CBA types include, but are not limited to, polyethylene glycol (PEG), block copolymers, bovine serum albumin (BSA), surfactants (e.g, PLUORONIC™ surfactants available from ThermoFisher Scientific of Waltham, Massachusetts), casein, polytetrafluoroethylene (PTFE) (e.g, TEFLON ® available from The Chemours Company of Wilmington, Delaware), silanes, particulate solutions (e.g, including nanoparticles (e.g, metal nanoparticles such as gold, silver, aluminium, titanium, and the like), polymeric microspheres, and the like), or a composite solution comprised of any of the preceding list.

Additions to Living Organisms

Embodiments of the invention can be applied to add material to living organisms. In such embodiments, the organism can be considered the substrate. Such embodiments can be used for a variety of therapeutic and/or cosmetic applications including regenerative medicine, tissue grafting, plastic surgery, orthopedics, and the like.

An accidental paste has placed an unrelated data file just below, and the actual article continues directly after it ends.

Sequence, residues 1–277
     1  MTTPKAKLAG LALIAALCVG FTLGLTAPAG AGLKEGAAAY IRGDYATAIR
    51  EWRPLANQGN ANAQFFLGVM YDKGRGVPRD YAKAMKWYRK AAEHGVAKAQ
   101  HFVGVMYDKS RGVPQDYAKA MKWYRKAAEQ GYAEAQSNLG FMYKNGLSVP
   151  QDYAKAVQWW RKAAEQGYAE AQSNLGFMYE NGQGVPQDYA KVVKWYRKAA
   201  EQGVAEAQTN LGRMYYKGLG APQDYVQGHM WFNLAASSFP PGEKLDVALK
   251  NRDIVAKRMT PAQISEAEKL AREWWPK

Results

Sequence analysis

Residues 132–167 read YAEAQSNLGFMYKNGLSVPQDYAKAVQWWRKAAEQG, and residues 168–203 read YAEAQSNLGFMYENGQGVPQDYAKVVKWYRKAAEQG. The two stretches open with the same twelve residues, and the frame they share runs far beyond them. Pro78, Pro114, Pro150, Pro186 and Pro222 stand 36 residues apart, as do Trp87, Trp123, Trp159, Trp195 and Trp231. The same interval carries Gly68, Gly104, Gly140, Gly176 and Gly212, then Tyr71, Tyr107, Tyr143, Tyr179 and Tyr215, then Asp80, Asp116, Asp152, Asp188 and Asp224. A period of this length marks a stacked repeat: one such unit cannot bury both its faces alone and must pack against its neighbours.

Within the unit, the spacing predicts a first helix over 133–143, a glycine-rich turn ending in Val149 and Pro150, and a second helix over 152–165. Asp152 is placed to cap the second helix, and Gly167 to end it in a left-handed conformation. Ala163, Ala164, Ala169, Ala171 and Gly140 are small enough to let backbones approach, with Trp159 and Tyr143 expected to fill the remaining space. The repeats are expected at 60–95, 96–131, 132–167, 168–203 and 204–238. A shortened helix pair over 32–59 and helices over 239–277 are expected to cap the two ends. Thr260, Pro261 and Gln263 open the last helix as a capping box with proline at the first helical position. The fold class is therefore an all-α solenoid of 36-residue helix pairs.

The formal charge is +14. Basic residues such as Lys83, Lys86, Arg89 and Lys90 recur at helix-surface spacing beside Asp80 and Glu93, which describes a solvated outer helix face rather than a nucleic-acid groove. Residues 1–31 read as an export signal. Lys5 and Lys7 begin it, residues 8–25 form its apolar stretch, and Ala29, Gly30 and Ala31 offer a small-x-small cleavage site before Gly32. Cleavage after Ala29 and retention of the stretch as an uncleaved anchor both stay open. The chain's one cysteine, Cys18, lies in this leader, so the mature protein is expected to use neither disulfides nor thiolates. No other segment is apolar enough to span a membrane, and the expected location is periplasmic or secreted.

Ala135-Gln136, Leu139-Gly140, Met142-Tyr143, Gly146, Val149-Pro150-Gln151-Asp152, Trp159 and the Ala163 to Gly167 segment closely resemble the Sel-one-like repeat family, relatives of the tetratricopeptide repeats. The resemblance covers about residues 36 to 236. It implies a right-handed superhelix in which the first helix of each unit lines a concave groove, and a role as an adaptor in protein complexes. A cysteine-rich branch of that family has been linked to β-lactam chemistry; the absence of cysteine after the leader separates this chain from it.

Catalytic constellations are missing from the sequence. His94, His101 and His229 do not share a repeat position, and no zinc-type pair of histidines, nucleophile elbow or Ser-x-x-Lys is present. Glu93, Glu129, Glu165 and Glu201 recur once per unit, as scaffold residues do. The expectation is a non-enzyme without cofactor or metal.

Embodiments of the invention utilizing a soft printhead are particularly advantageous in such embodiments, especially when applied to delicate tissues such as the eye and the ear.

Such an in-situ- generated graft can be bound to the organism through various techniques including the use of cross-linking as discussed herein.

In-situ- generated grafts can also be used for research purposes. For example, cancer cells can be printed within an organism (e.g, in a predefined and consistent pattern across multiple organisms) for experimental animal research. EXPERIMENTAL EXAMPLES

The invention is further described in detail by reference to the following experimental examples. These examples are provided for purposes of illustration only, and are not intended to be limiting unless otherwise specified. Thus, the invention should in no way be construed as being limited to the following examples, but rather, should be construed to encompass any and all variations which become evident as a result of the teaching provided herein.

Example 1: Preparation of a Printed Skin Model